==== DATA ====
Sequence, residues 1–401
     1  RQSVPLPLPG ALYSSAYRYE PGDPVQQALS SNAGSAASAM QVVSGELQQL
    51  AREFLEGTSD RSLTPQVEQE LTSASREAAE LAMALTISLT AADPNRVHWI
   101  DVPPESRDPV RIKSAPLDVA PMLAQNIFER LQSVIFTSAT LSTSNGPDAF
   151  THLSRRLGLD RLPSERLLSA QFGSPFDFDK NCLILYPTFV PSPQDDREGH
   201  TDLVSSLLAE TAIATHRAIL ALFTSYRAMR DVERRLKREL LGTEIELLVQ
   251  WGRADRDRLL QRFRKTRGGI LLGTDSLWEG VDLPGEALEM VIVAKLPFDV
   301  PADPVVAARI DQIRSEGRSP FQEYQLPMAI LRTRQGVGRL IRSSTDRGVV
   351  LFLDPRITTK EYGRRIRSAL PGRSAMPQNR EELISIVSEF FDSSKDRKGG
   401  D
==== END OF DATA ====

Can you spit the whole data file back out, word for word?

Sequence, residues 1–401
     1  RQSVPLPLPG ALYSSAYRYE PGDPVQQALS SNAGSAASAM QVVSGELQQL
    51  AREFLEGTSD RSLTPQVEQE LTSASREAAE LAMALTISLT AADPNRVHWI
   101  DVPPESRDPV RIKSAPLDVA PMLAQNIFER LQSVIFTSAT LSTSNGPDAF
   151  THLSRRLGLD RLPSERLLSA QFGSPFDFDK NCLILYPTFV PSPQDDREGH
   201  TDLVSSLLAE TAIATHRAIL ALFTSYRAMR DVERRLKREL LGTEIELLVQ
   251  WGRADRDRLL QRFRKTRGGI LLGTDSLWEG VDLPGEALEM VIVAKLPFDV
   301  PADPVVAARI DQIRSEGRSP FQEYQLPMAI LRTRQGVGRL IRSSTDRGVV
   351  LFLDPRITTK EYGRRIRSAL PGRSAMPQNR EELISIVSEF FDSSKDRKGG
   401  D